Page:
Loeffler is the quarterbacks coach whose prize pupil, Chad Henne, riddled Florida for 373 passing yards and three touchdowns Tuesday in Michigan's 41-35 Capital One Bowl upset of the heavily favored Gators. He completed 25 of 39 attempts and was named the bowl's MVP for his performance.
Loeffler, 32, is available. He was not retained by Rich Rodriguez, who replaced the retiring Lloyd Carr as the Wolverines' head man earlier this week. Loeffler reportedly met with Tennessee head coach Phillip Fulmer recently about possibly joining the Vol staff. Certainly, Loeffler has some intriguing credentials.
In six years as Michigan's quarterback coach, his troops threw 142 touchdown passes with just 44 interceptions. That's 3.23 TDs for every interception. By comparison, David Cutcliffe's Tennessee quarterbacks (Ainge and Jonathan Crompton) threw 57 touchdown passes and 23 interceptions the past two years. That's 2.48 TDs per interception.
Loeffler's first year at Michigan (2002) saw him help John Navarre set nine school passing records, including lowest interception percentage (1.56). The next year Navarre set school records for completions (270), attempts (456) and passing yards (3,331) while helping Michigan lead the Big Ten in passing for the first time since 1948. Navarre was a finalist for the Johnny Unitas Golden Arm Award that season.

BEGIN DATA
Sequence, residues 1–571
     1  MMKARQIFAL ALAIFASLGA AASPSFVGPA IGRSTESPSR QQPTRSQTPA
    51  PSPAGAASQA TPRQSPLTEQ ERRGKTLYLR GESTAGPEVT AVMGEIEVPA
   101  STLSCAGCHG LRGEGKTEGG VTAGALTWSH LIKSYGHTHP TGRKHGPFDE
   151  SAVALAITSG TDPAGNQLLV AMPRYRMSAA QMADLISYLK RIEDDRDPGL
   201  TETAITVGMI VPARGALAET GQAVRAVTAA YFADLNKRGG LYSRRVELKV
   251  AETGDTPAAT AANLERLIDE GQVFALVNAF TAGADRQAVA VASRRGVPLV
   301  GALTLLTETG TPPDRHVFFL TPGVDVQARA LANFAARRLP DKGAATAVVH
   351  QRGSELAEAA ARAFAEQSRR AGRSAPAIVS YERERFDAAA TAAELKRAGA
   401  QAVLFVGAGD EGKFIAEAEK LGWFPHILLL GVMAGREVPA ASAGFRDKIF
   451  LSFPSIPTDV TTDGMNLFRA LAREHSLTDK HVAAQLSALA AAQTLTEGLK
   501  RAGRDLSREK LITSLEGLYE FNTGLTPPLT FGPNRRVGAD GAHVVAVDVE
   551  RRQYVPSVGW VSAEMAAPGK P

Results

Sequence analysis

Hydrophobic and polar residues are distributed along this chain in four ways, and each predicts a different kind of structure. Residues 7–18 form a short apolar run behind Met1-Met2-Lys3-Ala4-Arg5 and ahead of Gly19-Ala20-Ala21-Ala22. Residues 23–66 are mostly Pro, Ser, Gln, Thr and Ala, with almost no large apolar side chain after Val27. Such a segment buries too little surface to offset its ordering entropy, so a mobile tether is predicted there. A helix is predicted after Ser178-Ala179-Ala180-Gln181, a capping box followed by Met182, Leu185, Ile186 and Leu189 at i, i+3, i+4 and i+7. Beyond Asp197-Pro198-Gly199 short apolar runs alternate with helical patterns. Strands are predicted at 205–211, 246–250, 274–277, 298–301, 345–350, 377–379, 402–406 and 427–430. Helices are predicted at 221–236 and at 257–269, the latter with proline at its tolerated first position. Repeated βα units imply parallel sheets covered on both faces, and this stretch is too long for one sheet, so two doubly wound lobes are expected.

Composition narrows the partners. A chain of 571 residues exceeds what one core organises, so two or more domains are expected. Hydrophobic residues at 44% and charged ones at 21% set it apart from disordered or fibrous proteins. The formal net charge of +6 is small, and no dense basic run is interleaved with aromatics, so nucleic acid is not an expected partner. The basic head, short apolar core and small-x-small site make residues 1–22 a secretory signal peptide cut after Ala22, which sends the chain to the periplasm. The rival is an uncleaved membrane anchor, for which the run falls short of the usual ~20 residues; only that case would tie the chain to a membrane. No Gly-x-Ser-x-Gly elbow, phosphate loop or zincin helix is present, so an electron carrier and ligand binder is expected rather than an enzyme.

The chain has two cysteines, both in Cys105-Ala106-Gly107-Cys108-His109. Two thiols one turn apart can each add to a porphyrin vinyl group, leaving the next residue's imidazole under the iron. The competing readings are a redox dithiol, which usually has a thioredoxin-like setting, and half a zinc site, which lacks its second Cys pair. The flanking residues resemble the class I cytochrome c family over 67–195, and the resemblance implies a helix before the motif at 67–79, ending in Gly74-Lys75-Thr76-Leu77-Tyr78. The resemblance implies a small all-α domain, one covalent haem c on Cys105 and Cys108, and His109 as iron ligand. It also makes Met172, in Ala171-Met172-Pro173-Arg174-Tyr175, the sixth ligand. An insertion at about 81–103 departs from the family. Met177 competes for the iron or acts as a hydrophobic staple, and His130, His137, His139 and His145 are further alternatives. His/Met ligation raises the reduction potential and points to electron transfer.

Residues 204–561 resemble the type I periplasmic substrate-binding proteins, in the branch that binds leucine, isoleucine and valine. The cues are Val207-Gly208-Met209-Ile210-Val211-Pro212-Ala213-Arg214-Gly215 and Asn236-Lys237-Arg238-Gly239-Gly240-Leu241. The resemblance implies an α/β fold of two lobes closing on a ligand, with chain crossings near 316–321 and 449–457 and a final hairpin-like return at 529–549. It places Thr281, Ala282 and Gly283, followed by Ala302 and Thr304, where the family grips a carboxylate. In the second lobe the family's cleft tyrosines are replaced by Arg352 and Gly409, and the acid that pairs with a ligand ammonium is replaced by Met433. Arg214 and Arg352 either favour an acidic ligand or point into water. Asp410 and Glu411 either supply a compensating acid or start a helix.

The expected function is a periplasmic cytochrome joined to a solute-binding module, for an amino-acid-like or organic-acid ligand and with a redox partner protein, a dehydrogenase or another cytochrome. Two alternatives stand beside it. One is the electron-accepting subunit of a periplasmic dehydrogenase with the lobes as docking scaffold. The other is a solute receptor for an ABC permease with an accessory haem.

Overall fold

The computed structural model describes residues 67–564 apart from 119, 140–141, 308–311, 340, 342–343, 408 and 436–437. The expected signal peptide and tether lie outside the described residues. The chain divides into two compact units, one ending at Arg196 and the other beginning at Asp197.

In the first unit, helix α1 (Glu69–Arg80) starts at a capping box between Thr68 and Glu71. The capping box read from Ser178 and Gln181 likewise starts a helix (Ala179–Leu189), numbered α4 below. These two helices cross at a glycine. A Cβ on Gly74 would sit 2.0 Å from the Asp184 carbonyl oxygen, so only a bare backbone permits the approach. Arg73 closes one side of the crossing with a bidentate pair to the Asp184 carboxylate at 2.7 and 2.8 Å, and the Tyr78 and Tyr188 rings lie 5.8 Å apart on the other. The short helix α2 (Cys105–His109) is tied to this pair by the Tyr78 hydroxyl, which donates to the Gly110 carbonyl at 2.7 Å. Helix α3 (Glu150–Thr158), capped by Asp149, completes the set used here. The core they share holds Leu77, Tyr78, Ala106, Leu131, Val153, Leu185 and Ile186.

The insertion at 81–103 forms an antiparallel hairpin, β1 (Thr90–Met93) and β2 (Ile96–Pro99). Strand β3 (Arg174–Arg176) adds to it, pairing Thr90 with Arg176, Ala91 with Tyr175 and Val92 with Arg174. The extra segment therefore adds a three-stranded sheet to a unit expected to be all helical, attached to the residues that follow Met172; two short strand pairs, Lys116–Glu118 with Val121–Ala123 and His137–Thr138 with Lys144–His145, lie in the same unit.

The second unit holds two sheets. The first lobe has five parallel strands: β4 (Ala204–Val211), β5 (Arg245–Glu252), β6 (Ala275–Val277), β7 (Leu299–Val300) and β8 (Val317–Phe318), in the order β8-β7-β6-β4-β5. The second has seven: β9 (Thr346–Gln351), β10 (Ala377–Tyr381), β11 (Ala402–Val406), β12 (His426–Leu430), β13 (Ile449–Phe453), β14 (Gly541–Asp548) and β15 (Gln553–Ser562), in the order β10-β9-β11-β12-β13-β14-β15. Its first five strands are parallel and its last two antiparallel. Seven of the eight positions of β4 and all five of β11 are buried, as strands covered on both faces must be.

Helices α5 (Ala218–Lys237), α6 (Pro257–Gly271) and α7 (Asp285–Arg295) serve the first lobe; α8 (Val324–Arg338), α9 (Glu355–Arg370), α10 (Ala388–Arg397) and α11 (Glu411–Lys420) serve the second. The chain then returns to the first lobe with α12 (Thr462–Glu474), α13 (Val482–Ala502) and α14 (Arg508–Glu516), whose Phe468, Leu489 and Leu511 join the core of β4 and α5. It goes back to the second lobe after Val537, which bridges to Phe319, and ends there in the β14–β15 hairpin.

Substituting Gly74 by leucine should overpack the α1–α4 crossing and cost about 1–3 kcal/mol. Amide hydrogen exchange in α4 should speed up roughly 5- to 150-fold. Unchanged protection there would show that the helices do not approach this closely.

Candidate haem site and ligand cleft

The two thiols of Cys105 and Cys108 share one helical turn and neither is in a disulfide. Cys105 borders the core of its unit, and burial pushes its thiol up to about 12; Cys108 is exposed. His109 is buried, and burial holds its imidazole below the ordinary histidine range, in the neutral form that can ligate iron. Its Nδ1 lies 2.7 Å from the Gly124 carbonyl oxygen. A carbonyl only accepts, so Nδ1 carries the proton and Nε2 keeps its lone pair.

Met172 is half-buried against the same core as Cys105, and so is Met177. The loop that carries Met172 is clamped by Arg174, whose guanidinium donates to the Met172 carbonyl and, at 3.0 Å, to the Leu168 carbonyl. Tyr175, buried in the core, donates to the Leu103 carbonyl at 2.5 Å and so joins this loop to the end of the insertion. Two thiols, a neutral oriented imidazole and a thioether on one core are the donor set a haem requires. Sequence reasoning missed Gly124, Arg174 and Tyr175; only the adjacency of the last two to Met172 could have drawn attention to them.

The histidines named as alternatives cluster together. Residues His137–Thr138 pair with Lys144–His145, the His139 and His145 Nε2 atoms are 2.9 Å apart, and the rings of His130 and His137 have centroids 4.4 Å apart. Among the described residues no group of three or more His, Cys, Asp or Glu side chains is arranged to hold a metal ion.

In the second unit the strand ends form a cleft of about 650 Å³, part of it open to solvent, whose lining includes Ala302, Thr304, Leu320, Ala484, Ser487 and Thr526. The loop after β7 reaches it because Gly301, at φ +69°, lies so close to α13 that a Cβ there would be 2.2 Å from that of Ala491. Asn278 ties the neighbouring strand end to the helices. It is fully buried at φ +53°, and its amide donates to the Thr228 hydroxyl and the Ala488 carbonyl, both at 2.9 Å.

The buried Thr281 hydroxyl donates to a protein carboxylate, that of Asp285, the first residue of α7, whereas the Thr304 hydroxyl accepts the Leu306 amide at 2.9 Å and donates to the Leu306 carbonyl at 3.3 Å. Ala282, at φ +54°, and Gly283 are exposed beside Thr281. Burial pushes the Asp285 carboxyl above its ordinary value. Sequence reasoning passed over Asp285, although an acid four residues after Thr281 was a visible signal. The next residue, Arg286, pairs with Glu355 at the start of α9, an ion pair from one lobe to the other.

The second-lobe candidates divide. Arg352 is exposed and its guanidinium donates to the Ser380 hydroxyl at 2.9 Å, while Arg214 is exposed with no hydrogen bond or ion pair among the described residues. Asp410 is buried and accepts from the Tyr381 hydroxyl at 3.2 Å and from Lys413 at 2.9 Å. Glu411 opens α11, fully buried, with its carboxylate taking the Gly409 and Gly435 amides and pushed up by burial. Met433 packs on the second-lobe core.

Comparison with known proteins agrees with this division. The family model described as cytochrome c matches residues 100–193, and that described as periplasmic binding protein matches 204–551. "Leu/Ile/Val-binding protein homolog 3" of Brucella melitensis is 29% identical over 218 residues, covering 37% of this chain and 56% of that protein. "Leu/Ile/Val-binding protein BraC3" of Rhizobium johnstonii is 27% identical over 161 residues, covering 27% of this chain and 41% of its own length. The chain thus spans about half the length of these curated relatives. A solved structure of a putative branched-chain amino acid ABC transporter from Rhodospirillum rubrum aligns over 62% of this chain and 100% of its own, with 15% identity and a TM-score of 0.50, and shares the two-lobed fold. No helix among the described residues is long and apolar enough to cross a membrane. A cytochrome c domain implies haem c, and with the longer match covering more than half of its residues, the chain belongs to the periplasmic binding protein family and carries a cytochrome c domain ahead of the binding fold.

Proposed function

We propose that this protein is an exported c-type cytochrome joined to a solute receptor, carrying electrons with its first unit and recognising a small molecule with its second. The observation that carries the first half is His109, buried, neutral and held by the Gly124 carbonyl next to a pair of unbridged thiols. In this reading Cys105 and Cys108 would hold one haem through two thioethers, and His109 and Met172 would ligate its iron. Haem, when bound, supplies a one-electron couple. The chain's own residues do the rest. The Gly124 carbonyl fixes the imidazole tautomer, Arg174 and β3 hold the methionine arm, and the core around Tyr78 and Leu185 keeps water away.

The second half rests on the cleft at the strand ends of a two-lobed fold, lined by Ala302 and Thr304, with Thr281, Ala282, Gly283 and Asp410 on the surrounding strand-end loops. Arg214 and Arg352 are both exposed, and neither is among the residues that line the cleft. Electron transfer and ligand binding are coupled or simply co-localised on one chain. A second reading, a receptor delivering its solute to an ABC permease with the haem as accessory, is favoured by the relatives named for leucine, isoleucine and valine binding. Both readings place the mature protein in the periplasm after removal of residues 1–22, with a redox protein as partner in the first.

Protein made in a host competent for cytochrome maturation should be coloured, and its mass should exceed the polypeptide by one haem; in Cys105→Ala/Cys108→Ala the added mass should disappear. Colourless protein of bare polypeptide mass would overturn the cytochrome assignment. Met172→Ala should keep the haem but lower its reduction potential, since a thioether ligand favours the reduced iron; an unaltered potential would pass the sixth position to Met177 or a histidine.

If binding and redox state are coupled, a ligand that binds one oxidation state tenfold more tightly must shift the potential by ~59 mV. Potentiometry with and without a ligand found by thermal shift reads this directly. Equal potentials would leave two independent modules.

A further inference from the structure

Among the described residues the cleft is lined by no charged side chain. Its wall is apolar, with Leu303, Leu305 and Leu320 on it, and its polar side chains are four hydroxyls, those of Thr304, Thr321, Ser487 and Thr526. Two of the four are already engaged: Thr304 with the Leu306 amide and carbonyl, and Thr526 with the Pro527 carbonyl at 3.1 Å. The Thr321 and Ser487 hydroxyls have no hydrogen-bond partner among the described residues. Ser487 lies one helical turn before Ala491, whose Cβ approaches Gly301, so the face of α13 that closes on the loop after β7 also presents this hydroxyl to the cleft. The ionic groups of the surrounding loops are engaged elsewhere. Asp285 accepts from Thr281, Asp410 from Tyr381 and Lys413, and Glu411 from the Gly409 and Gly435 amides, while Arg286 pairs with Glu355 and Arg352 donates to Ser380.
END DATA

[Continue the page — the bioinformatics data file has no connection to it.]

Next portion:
What Loeffler did with Henne was even more impressive. In 2004 Henne became the first freshman QB ever to lead a team to the Big Ten title. He threw 25 TD passes that season, tying the school record. Four of those scoring tosses came in the Rose Bowl versus Texas.
By his junior year Henne was one of the NCAA's top quarterbacks. He completed 61.9 percent of his passes for 2,508 yards and 22 TDs with just 8 interceptions, earning second-team All-Big Ten recognition behind Heisman Trophy winner Troy Smith of Ohio State. Henne was a semifinalist for the Davey O'Brien and Maxwell Awards that fall.
As a senior in 2007 Henne completed 58.3 percent of his passes, with 19 touchdowns and nine interceptions. His passer-efficiency rating of 130.54 compares favorably with the 135.48 mark compiled by UT's Ainge.
Loeffler was a backup quarterback at Michigan, graduating in 1998. He stuck around as a Wolverine grad assistant in 1998 and '99, working with future NFL quarterbacks Brian Griese and Tom Brady. After two years as quarterbacks coach at Central Michigan, Loeffler returned to his alma mater in the same capacity, holding that job from 2002 until Carr stepped down following Tuesday's Capital One Bowl victory.
Loeffler probably isn't ready to be a coordinator just yet but, with Cutcliffe's departure for Duke leaving the Vols without a quarterback coach, Loeffler might be a very good fit on a revamped Big Orange staff.